THE GENETIC DETERMINANTS OF SYMPTOMS INDUCTION BY PEPINO MOSAIC VIRUS IN TOMATO
The Pepino mosaic virus (PepMV) is one of the most important pathogens infecting tomato crops worldwide. Four major genotypes have been identified so far: Peruvian (LP), European (EU), Chilean 1 (CH1) and Chilean 2 (CH2). In Poland isolates representing the EU and CH2 genotypes have been found. The isolates belonging to the CH2 genotype induce a wide range of symptoms from very mild mosaic or even a lack of symptoms, through severe yellowing, up to necrosis of leaves. Therefore, the characterization of different genetic variants of PepMV is important to clarify processes of disease emergence caused by this virus. The necrotic and yellowing pathotypes representing the Chilean 2 genotype have been extensively studied. Development of infectious clones facilitates manipulation of the viral genome by site-directed mutagenesis. The studies performed made it possible to identify the viral genetic determinants responsible for the induction of different symptoms on infected plants. The introduction of single nucleotide substitutions in particular positions of triple gene block 3 (TGB3) resulted in changes of symptoms on tomato plants. Moreover, the mutations affect significantly viral accumulation, which has been measured by real-time RT-PCR. Single nucleotide substitutions introduced to the genome of genetically different European isolates also had an effect on biological properties and accumulation of the virus. Identified mutations in the viral genome are responsible for the development of symptoms and virus accumulation, and may play an important role during infection.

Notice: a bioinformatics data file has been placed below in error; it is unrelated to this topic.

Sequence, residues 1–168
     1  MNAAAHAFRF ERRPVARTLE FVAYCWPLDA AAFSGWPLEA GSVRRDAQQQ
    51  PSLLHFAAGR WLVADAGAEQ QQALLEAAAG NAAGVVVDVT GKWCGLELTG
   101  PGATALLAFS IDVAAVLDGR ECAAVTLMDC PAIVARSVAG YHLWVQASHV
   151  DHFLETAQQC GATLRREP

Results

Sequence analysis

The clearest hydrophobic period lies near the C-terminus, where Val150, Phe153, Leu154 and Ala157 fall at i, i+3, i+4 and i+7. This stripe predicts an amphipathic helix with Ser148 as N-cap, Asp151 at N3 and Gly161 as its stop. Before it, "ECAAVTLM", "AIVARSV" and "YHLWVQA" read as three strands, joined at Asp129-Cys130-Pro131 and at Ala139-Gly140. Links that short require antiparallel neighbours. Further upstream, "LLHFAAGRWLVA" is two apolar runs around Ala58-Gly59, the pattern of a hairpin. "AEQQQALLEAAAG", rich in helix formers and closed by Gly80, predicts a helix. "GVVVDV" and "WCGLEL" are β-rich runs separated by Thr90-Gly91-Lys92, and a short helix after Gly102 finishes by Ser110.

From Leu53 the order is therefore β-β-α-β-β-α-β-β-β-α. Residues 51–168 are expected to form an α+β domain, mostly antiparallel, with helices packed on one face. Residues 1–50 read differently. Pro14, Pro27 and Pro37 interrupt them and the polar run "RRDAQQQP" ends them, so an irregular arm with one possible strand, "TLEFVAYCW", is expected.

Hasiów-Jaroszewska, B., Minicka, J., Borodynko , N. and Pospieszny, H. (2015). THE GENETIC DETERMINANTS OF SYMPTOMS INDUCTION BY PEPINO MOSAIC VIRUS IN TOMATO. Acta Hortic. 1069, 39-43
genetic diversity, PepMV, mutagenesis, necrosis, yellowing